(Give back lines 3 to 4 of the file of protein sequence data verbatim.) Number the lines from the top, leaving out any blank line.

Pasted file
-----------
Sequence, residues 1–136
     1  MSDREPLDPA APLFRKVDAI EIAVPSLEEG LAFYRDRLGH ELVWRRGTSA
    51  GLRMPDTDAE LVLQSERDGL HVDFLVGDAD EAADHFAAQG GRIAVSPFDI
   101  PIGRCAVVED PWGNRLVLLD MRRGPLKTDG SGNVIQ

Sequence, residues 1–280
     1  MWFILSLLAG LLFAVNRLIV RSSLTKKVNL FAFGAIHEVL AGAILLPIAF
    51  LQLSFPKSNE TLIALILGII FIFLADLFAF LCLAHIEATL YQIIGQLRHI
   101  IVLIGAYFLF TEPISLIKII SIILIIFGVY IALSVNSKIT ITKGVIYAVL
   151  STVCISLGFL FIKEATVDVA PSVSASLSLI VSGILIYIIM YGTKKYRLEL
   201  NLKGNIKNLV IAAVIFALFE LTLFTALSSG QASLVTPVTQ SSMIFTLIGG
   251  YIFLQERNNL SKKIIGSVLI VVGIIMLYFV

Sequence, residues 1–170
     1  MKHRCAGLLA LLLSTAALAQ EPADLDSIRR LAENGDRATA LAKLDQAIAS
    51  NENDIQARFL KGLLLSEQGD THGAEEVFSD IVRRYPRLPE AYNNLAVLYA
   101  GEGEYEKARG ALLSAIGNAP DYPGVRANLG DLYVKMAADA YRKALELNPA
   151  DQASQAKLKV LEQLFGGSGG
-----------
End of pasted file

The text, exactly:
    51  GLRMPDTDAE LVLQSERDGL HVDFLVGDAD EAADHFAAQG GRIAVSPFDI
   101  PIGRCAVVED PWGNRLVLLD MRRGPLKTDG SGNVIQ